Knitted Hats / Hulme Winter festivalResidents came together to knit and donate a hat which was included in a Christmas hamper as part of Hulme Winter Festival
Benefit of knitting
Craft activities are particularly beneficial to older people and are recommended by NICE to promote independence and wellbeing in older people. Older adults who attend craft groups are less likely to have doctor-related visits and require less medication, resulting in cost-savings and reduced demand on health services. Craft groups help individuals build strong friendships, reducing social isolation and loneliness. Knitting has been shown to have benefits on multiple aspects of health including reducing depression and anxiety, slowing the onset of dementia, lowering blood pressure, reducing isolation and loneliness and increasing sense of inclusion in society.
Hulme Moss Side and Rusholme.
Neighbourhood Health Worker
Robert Darbishire Practice
Moss Care St Vincent’s Housing Group
Manchester Metropolitan University
The Union at MMU
Provide a knitted hat to older residents in Hulme as part of the Winter Warm Festival
Provide an opportunity for resident to take part in a craft activity during lockdown for free.
“It was a fantastic project and kept us motivated. It gave us a purpose and was very uplifting for the group. We had some people in the group who were learning to knit, and it was good for them to have a goal” Power Knitters
“My mother felt very useful as she loves knitting and she is very happy knowing her hats will be worn by older people who need them to keep warm. She has in the past knitted hats for the homeless. She has decided to continue to knit more hats, scarves and mittens and put them in a box ready for the next time she is asked for knitted items. She is currently knitting herself a blanket out of oddments to put over her legs as she has been feeling cold as the temperature has dropped. She said she will continue to make small blankets as some older people may want to put them around their shoulders or round their legs to keep warm. This gives her a purpose to continue to feel that she is making a useful contribution to society. And it uses up all the odd bits of wool accumulated from the many hundreds of garments that she has made over the years.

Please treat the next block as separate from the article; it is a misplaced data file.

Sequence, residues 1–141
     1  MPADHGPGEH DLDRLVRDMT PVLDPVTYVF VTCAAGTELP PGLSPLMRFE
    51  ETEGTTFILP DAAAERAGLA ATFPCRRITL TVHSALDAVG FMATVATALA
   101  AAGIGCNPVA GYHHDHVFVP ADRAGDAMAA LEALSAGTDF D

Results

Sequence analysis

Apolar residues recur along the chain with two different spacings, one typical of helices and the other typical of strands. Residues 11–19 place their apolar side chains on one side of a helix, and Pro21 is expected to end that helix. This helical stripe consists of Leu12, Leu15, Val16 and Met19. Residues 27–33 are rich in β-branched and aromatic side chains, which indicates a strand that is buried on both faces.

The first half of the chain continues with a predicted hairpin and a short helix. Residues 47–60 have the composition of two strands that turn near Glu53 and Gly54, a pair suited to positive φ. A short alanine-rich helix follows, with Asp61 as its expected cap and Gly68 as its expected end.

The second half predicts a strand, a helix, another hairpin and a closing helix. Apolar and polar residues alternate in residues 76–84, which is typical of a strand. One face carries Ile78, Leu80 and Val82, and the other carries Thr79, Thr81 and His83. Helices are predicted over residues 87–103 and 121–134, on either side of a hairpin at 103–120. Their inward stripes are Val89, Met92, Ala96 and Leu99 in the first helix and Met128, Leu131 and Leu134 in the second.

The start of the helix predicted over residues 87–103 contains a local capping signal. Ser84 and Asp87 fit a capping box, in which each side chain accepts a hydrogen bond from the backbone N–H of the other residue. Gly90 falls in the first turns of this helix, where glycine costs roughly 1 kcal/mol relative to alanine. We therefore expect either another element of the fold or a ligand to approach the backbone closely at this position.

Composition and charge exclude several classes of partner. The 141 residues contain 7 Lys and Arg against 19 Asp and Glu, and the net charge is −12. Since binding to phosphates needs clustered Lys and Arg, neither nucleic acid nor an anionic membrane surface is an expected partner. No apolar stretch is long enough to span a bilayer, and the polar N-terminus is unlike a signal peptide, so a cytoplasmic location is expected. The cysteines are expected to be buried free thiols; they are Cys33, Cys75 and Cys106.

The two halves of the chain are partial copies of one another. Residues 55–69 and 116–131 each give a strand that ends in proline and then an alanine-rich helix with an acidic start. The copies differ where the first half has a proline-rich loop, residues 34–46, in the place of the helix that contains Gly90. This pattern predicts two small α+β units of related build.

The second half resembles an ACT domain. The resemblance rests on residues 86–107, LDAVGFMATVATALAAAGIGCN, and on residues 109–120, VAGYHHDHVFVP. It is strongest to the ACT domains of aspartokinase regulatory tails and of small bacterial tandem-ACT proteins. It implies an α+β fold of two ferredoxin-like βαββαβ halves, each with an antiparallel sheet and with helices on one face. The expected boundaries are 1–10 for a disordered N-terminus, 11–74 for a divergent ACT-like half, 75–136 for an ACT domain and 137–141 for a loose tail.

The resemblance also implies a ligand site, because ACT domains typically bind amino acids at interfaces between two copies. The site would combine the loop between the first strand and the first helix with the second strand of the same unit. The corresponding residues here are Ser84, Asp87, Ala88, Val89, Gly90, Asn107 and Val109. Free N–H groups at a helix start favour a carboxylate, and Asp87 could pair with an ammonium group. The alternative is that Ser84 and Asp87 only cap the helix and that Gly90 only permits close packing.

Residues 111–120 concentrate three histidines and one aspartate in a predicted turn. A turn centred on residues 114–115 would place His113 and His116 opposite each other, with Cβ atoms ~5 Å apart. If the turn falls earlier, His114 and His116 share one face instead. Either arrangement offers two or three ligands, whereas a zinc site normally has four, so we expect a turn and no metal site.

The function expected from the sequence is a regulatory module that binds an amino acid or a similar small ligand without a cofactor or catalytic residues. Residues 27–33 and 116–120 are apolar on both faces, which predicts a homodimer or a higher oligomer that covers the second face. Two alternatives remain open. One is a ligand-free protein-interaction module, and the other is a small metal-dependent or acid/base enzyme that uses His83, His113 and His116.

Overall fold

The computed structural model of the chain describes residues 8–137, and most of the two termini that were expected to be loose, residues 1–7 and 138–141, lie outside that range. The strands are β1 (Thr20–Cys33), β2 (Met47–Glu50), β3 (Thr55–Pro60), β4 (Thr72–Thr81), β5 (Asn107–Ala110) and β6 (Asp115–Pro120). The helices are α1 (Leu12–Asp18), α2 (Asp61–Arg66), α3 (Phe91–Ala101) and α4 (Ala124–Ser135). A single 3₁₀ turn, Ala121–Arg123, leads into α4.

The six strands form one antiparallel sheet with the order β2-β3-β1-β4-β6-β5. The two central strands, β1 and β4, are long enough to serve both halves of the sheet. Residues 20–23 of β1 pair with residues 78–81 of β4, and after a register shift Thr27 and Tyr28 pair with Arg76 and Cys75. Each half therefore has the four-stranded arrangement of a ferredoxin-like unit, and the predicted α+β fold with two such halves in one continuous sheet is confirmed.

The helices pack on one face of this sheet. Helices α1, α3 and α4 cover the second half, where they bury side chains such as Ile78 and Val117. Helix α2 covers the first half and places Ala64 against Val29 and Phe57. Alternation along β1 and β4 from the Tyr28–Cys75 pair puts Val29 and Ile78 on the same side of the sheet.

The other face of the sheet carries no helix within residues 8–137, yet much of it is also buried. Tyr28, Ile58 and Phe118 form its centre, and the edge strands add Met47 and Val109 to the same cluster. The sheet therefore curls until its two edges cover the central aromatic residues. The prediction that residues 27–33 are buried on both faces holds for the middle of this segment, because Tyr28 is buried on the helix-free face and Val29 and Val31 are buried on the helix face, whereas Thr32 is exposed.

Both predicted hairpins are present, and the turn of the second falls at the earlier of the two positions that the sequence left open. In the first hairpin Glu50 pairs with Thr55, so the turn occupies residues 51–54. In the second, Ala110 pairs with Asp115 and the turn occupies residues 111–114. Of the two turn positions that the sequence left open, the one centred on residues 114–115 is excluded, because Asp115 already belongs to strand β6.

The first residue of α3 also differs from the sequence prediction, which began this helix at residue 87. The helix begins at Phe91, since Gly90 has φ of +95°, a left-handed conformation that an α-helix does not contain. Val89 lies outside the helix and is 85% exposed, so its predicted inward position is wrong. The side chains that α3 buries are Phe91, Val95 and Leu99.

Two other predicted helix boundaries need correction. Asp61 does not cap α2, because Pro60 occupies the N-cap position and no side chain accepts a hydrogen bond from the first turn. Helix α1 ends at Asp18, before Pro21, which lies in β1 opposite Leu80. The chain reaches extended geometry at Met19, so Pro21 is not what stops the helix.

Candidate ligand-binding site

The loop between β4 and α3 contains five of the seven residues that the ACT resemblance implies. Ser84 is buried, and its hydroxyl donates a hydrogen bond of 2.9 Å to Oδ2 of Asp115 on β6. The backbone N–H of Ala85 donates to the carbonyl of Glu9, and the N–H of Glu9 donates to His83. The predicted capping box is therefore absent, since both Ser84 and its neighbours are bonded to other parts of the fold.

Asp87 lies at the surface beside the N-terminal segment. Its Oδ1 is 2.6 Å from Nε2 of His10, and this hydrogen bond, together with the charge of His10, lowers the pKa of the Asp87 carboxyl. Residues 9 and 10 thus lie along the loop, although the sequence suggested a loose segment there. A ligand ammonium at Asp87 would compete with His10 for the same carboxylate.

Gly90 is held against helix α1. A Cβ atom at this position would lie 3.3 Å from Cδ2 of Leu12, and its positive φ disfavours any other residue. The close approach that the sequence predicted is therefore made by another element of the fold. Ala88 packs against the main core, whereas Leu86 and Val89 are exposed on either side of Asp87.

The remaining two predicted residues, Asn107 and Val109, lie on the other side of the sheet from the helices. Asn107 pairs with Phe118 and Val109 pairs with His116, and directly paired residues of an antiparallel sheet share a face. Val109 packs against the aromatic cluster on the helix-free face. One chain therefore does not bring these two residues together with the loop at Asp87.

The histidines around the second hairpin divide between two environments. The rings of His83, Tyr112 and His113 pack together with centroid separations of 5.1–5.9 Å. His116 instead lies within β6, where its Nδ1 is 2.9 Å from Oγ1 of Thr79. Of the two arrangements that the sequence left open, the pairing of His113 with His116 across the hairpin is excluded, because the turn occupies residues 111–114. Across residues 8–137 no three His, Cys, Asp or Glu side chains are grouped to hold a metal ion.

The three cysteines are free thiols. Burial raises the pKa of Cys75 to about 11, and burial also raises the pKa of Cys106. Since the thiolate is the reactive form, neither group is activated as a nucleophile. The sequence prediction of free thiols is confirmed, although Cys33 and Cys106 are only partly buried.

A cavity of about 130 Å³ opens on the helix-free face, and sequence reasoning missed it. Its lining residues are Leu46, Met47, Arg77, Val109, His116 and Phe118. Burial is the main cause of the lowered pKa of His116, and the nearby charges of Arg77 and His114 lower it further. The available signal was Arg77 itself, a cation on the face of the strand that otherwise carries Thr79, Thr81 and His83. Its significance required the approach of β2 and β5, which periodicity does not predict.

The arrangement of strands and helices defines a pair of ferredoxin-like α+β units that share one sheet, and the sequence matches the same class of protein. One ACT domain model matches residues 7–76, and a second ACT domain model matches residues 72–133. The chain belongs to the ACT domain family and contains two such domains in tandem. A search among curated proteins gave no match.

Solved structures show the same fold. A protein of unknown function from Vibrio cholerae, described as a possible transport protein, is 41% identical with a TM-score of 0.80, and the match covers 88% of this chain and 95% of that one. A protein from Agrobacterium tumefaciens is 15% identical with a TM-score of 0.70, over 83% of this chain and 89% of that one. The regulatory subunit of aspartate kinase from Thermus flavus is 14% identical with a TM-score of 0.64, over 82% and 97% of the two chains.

I enjoyed making the hats myself and it made me very happy that my mum felt a great sense of achievement in making a lot more than me. It became a great mother and daughter activity during these long lockdown months. If someone was to ask me in years to come what I remembered of the Pandemic It would be the Mother and daughter activities of knitting, chatting and thinking that we might bump into someone, somewhere and recognise a hat that one of us had made." - resident's daughter
20 residents took part and knitted 108 hats that were donated to 80 residents.
To ensure that people only knitted from the pattern provided we also included a tension guide with the pattern which was appreciated.
Strategic links to local/national policies
Increased mental wellbeing
Reduce social isolation
Reducing demand on services
Helping people age well
All-Party Parliamentary Group on Arts, Health and Wellbeing Inquiry Report (2017) - Creative Health: The Arts for Health and Wellbeing
Burt, E. L. and Atkinson, J. (2012) The relationship between quilting and wellbeing, Journal of Public Health, Volume 34, Issue 1, Pages 54–59.
Cohen, G. (2009) New theories and research findings on the positive influence of music and art on health with ageing. Arts & Health, 1:1, 48-62.
Knit For Peace – The Health Benefits of Knitting
National Institute for Health and Care Excellence (NICE). (2015). Older People: Independence and Mental Wellbeing. London: NICE.
Patricia Williams _ Neighbourhood Health Worker
T: 0161 271 0590
T: 07818 523 098
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